But there is yet a third Reason, why we call Him our Father, peculiar to us as Christians; and founded

a Eph. iv. 6. Ifa, Ixiv, 8,

Job i. 6. ii. 1. xxxviii. 7, · Heb, xii. 52 &C..

• Acts. xvii. 29.


on our being united by Faith to his Son our Head', and begotten again, through his Gospel, to a lively Hope, to an Inheritance reserved in Heaven for us %: Privileges so invaluable, that though He is doubtless a Father, and a tender one, to our whole Species, yet his Word speaks of Us, as the only Persons, in Comparison, that have a Right to consider Him in this View. As many as received Him, that is, our blessed Saviour, to them gave He Power to become the Sons of God; even to them that believe on his Name ". The Lord is good to alli: but fingularly good to those, who become, by the Influences of the Christian Covenant, fingularly fit Objects of his Goodness. They have Promises of the greatest Bleffings, to which Nothing, but Promise, can intitle: Pardon of Sin, Alistance of the Holy Spirit, and Life eternal; by which last they are made, in the happiest Sense, the Children of God, being the Children of the Resurrection k. Let us learn then, as often as we say, Our Father, to magnify in our Souls, that gracious Redeemer, who hath made Him fo to us, more than He is to others. Let us often repeat the thankful Reflection of St. John, Behold what Manner of Love the Father bath bestowed on us, that we should be called the Sons of God', and joyfully argue, as St. Paul doth, If Children, then Heirs; Heirs of God, and joint Heirs with Christm.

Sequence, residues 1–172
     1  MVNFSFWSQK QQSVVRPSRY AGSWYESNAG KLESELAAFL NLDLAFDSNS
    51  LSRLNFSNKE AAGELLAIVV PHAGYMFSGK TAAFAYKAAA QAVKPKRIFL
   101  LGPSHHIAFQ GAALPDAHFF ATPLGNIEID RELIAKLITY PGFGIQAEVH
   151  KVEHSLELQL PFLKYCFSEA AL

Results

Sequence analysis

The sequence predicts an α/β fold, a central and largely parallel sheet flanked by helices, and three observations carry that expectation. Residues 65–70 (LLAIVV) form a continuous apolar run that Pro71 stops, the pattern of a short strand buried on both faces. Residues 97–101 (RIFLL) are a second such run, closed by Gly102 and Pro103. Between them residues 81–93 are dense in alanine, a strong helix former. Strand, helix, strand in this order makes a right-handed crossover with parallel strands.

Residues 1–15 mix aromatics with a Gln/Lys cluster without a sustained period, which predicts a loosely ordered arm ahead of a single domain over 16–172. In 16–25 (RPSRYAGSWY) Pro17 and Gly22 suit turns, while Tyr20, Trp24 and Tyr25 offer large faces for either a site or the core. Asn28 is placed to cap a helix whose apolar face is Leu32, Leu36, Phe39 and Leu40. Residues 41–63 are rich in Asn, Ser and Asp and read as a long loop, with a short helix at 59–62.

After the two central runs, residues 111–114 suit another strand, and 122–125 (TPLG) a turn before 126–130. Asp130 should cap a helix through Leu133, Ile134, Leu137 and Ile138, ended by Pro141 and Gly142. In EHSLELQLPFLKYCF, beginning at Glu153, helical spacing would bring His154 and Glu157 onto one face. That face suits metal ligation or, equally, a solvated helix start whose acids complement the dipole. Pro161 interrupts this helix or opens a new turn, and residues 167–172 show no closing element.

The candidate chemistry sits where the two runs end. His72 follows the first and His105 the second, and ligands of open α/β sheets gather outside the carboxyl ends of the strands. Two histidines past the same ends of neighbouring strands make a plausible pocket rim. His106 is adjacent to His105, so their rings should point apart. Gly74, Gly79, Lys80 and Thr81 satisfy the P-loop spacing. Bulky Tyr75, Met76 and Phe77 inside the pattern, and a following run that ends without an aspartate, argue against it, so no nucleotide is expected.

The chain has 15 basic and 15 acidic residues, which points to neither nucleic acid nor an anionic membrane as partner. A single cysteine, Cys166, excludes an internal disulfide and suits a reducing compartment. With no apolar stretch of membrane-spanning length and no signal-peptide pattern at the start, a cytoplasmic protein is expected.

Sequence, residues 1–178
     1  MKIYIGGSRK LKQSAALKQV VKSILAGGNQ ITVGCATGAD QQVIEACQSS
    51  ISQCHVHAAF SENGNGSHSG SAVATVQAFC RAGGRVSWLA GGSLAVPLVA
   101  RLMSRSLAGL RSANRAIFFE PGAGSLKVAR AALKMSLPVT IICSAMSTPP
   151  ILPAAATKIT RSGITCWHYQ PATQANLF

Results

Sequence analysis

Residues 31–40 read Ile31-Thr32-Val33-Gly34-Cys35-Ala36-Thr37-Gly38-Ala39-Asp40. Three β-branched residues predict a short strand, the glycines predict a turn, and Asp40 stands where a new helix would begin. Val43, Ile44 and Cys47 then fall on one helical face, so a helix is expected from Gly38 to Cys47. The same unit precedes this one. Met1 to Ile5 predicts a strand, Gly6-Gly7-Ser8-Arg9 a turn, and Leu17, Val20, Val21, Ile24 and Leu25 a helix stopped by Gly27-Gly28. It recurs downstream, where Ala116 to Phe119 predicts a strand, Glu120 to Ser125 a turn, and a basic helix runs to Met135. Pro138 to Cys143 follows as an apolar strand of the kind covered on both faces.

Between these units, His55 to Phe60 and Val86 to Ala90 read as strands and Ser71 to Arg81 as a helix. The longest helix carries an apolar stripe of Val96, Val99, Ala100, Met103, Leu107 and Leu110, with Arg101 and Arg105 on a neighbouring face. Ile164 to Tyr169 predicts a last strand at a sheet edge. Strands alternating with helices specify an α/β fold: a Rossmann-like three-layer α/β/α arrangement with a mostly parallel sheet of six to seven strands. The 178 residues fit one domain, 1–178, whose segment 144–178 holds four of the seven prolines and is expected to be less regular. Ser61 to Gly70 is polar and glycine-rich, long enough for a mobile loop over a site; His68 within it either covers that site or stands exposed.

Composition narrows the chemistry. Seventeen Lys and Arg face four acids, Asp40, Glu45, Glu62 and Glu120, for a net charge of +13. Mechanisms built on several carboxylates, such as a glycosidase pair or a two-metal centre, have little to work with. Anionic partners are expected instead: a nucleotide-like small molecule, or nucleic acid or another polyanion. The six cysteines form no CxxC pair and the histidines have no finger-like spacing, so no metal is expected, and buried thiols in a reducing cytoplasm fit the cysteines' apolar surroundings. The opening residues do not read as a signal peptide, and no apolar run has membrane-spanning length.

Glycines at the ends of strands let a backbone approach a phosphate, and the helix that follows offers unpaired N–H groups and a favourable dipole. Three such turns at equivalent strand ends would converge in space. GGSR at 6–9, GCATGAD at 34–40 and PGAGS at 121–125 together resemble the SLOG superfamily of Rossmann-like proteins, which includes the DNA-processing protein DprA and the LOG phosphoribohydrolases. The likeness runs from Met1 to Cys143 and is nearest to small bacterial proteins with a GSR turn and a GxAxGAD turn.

Thus then the Words, Our Father, express, not only the absolute Authority, but the unspeakable Goodness of God: and the next, which art in Heaven, acknowledge his Glory and Power.

I have already observed to you, in explaining the fixth Article of the Creed, that as God cannot but be, so He cannot but be every where : for there is Nothing in any one Part of Space to confine his Presence to that, rather than to any other. Besides, his Providence is continually acting every where: and wherever He acts,



i: 12.

1 Cor. xi. 3. Eph. i. 22.

1 Cor. iv. 15. 1 Pet. i. 3, 4. John i Psalm cxlv. g.

k Luke xx. 36. i John iii. 1. m Rom. viii, 17.


He is. Therefore Solomon justly declares, The Heaven and Heaven of Heavens cannot contain thee". But still the Scriptures represent Him as manifesting the more visible Tokens of his inexpreffible Majesty in che peculiar Place: where He receives the Homage of his boly Angels, and issues forth his Commands for the Government of the World. This they call his Throneo, and Tabernacle in Heaven P: of which the earthly Tabernacle of Moses was designed to be a Figure; being disėcted to be made according to the Pattern, shewed him in the Mount That earthly Tabernacle was honoured for a long Time with splendid Marks of the Divine Residence : on which Account, even after they were withdrawn, the Jews would be apt to consider God, as dwelling at Jerusalem in his Temple, and fitting between the Cherubimi'. But our bleffed Lord, being about to abolith the Mosaic Ordinances, enlarges the Views of his Disciples, and raises them to that higher Habitation of inconceivable Glory, to which they should hereafter be admitted ; and on which they were in the mean while to set their Hearts, as the seat of all Blessedness.